In the Nicomachean Ethics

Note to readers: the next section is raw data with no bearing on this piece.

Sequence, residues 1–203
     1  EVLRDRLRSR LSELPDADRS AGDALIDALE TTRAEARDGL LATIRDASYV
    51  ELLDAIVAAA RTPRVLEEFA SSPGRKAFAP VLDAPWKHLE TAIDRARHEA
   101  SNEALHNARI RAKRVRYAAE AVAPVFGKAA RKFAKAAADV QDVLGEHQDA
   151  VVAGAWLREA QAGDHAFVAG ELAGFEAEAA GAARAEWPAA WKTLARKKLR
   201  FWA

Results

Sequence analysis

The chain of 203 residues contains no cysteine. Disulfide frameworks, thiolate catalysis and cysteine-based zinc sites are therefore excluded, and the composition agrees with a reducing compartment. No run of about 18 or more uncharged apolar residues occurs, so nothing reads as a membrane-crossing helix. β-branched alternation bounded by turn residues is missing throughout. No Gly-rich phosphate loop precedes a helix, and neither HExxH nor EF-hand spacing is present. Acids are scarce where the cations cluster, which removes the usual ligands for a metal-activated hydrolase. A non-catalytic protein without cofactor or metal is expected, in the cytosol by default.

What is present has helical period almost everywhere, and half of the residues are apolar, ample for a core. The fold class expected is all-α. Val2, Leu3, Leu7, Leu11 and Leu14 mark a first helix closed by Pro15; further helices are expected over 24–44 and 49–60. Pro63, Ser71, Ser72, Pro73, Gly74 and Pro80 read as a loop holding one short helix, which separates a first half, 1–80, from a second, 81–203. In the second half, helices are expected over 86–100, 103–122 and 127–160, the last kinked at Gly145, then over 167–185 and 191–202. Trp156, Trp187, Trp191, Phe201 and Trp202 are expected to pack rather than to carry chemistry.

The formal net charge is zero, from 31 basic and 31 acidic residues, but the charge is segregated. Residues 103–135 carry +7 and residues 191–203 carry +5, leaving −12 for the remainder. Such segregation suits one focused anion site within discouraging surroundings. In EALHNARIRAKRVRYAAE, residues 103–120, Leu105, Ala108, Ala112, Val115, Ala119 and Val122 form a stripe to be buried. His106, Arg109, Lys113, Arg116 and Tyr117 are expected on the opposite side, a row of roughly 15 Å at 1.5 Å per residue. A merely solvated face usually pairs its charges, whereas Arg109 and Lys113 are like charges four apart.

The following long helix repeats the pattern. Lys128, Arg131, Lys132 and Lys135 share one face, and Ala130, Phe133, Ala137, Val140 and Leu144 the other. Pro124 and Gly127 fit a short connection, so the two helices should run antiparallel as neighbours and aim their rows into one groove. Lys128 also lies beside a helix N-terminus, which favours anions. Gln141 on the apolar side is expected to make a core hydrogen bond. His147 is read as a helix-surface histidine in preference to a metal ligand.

(so called after their first editor, Aristotle's son Nicomachus) Aristotle sets out to discover the good life for man: the life of happiness or eudaimonia. Happiness for Aristotle is the activity of the soul in accordance with virtue. Virtue is shown in the deliberate choice of actions as part of a worked-out plan of life, a plan which takes a middle course between excess and deficiency. This is the famous doctrine of the golden mean; courage, for example, is a mean between cowardice and rashness, and justice between a man's getting more or less than his due. The supreme happiness, according to Aristotle, is to be found in a life of philosophical contemplation; but this is only possible for a few, and a secondary kind of happiness is available in a virtuous life of political activity and public magnificence.
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